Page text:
Treadmill

I usually run 4 times a week, but due to a new job I am up too early & home too late to make it practical during the week. I am still running weekends but its not enough. I have therefore decided to buy a treadmill so I can get some sneaky runs in before work - I would welcome anyones comments re their experience with treadmill running.

many thanks

ian

Comments

  • Where are you going to stick it ? If it's anywhere inside it will wake the rest of the family

    Stick it in the garage and the car gets cold

    MAN UP and get out running on the roads

  • If you have time for a treadmill run before work, then dont you have time for an outside run?

  • Max's Mum wrote (see)

    If you have time for a treadmill run before work, then dont you have time for an outside run?

    He's a wuss

  • treadmill running is awful! 

    man up!!

    dont quite understand the statement "due to a new job I am up too early & home too late to make it practical during the week" then you say your going to run on a treadmill before work??

  • Ian

    In the dark, I have been doing intervals. tempo and hill runs. While I'm comfortable running easy and steady paced mileage in the pitch black with a head torch, I prefer the treadmill for the more risky stuff. Plus the local track near me is not all weather and useless at this time of year.

    I have used several treadmills in different gyms recently, and the big big thing for me is decent airconditioning. I hate treadmills where the ventilation is poor. This is one of the reasons I probably wouldn't use one in the house. Luckily for me I have several gyms in warm up distance (1 to 2 miles away) which I use and are open by 6am. The treadmills are easily programmed so putting together an interval session is easy without lots of button pressing mid run.

    If it is just a sneaky run, then for me its simple and quick to just open the front door and get a few miles in. Likewise with a medium long run.

    Ignore the macho/wimp bullcrap and workout why you need the treadmill, and how much over the course of the year it is needed. Bad weather / dark mornings don't last long

     

  • To be fair to the chap, running outside in the dark can be a right ball-ache, and reasonably risky.  Round these parts roads are very pooly lit and the surfaces are dreadful.  If he can manage 45 minutes on a dreadmill good luck to him.  Anyone who can stand that without going mental must be pretty keen.

  • I did twenty miles on the treadmill yesterday in 3 hour 18 minutes. I was trying my best to hold the pace at 6mph which is hard when i usually run at 8mph.

    I won't be happpy until i get up to 5 hours.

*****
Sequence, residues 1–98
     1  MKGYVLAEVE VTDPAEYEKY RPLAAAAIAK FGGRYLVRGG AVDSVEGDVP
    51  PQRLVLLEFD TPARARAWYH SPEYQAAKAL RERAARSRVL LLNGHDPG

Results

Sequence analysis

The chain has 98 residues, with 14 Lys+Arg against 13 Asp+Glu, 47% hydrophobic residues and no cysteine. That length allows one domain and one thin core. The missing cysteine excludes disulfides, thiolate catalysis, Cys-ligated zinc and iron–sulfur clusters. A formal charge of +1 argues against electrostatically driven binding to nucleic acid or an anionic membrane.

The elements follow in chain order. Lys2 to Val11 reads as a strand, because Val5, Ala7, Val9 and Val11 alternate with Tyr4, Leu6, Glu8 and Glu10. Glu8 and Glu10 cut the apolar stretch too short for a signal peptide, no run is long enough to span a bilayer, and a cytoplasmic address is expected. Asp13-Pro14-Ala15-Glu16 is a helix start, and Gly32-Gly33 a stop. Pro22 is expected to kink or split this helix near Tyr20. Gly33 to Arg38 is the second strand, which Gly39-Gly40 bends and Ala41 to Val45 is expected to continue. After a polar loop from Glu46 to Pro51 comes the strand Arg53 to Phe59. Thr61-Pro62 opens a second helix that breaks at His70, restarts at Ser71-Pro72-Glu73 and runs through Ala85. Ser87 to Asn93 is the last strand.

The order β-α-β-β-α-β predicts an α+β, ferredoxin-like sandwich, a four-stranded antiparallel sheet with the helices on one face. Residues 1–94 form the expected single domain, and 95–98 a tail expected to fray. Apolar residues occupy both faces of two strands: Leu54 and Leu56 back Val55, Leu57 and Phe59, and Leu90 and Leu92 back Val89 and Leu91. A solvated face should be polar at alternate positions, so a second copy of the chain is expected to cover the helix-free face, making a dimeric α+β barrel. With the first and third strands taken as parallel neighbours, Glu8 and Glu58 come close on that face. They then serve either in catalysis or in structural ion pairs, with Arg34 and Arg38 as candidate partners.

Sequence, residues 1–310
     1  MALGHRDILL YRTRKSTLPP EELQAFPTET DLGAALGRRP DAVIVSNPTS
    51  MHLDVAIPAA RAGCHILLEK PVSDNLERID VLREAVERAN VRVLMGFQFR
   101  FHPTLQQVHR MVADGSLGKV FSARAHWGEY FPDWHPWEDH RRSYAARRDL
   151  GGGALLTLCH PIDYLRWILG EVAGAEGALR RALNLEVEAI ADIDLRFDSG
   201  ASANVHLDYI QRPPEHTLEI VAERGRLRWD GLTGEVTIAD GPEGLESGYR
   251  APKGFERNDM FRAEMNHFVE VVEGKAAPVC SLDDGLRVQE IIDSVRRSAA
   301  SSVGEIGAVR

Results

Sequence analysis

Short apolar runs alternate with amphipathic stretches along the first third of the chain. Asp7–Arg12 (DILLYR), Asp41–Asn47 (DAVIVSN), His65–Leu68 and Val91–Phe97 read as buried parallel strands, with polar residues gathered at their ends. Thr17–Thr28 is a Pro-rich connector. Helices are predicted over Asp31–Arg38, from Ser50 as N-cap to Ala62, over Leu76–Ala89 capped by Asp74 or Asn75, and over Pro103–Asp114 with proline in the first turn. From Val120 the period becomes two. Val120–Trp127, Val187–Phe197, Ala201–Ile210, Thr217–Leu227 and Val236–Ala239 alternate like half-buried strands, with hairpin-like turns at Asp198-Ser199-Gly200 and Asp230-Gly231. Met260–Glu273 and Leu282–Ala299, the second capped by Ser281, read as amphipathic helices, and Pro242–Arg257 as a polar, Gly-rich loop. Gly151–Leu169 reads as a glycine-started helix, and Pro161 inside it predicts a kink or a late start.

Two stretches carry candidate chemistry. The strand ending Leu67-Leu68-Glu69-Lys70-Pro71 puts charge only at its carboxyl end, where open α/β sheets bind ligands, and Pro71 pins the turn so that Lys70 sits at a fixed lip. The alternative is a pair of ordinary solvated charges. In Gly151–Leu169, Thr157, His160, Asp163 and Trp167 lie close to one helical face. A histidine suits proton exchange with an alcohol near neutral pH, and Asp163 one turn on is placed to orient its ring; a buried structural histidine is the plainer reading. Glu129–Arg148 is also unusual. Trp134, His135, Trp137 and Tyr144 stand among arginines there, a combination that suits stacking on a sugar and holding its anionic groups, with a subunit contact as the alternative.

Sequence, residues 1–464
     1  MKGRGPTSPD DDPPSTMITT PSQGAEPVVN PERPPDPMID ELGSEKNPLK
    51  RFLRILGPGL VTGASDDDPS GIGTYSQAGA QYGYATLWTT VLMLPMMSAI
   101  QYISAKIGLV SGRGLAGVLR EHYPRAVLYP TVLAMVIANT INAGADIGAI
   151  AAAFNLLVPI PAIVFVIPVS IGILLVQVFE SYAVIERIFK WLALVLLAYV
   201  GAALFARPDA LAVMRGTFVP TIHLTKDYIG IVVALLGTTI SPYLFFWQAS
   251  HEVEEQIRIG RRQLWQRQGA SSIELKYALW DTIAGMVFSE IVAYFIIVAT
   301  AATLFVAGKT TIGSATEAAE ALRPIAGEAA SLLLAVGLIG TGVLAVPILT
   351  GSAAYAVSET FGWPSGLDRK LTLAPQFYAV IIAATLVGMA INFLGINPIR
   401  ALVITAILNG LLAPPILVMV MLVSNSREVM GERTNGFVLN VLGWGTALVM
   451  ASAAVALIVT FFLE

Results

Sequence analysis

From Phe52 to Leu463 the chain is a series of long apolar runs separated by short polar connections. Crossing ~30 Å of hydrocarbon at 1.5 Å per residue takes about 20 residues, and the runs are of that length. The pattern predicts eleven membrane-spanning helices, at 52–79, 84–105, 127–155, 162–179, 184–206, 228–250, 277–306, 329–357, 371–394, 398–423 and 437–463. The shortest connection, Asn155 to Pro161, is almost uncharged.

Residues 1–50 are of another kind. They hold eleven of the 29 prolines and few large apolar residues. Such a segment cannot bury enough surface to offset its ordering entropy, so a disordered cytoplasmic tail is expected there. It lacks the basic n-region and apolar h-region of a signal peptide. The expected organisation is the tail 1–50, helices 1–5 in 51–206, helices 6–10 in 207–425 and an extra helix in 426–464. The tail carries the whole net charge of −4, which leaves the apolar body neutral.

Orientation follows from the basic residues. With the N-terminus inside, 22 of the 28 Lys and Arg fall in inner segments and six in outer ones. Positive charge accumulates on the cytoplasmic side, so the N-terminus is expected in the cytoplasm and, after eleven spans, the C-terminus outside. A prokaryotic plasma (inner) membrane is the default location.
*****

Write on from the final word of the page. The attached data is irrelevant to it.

Then i'll work my way up until i can do  5 hours at 7mph

    Then i'll be ready  for  a Treadmill race.image

     

  • If you're buying a treadmil make sure to buy a good quality one with lots of reviews and a top brand. Cheap ones, no matter what they say are never a bargain and result in a loss of money.

    We used to have a cheapish* one but if you ran too heavy footed then the moving belt would touch the floor and stop which made it feel like you were going to a backflip or something quite acrobatic, very scary!

    On the other hand by old gym in Canterbury from when I was a student had treadmills with fans built into the control panel section, was quite 'cool' to be able to change your speed, incline and fan speed whilst running.

  •  

     

    Intermanaut wrote (see)

    To be fair to the chap, running outside in the dark can be a right ball-ache, and reasonably risky.  Round these parts roads are very pooly lit and the surfaces are dreadful.  

    If I can run over terrain like this in the dead of night at a respectable pace then you shouldn`t have any problems with your local roads...

    http://sphotos-e.ak.fbcdn.net/hphotos-ak-ash4/s480x480/482967_486153961448780_465062397_n.jpg

     

  • Ultra waccyracer wrote (see)

    I did twenty miles on the treadmill yesterday in 3 hour 18 minutes. I was trying my best to hold the pace at 6mph which is hard when i usually run at 8mph.

    I won't be happpy until i get up to 5 hours. Then i'll work my way up until i can do  5 hours at 7mph Then i'll be ready  for  a Treadmill race.image  

    Christ I did 40 minutes and was going potty by the end ...image

    In my opinon running on a Treadmill is much harder than running outside so good luck Ian image

  • Roland McCartney wrote (see)

     

      Intermanaut wrote (see)

    To be fair to the chap, running outside in the dark can be a right ball-ache, and reasonably risky.  Round these parts roads are very pooly lit and the surfaces are dreadful.  

    If I can run over terrain like this in the dead of night at a respectable pace then you shouldn`t have any problems with your local roads...

    http://sphotos-e.ak.fbcdn.net/hphotos-ak-ash4/s480x480/482967_486153961448780_465062397_n.jpg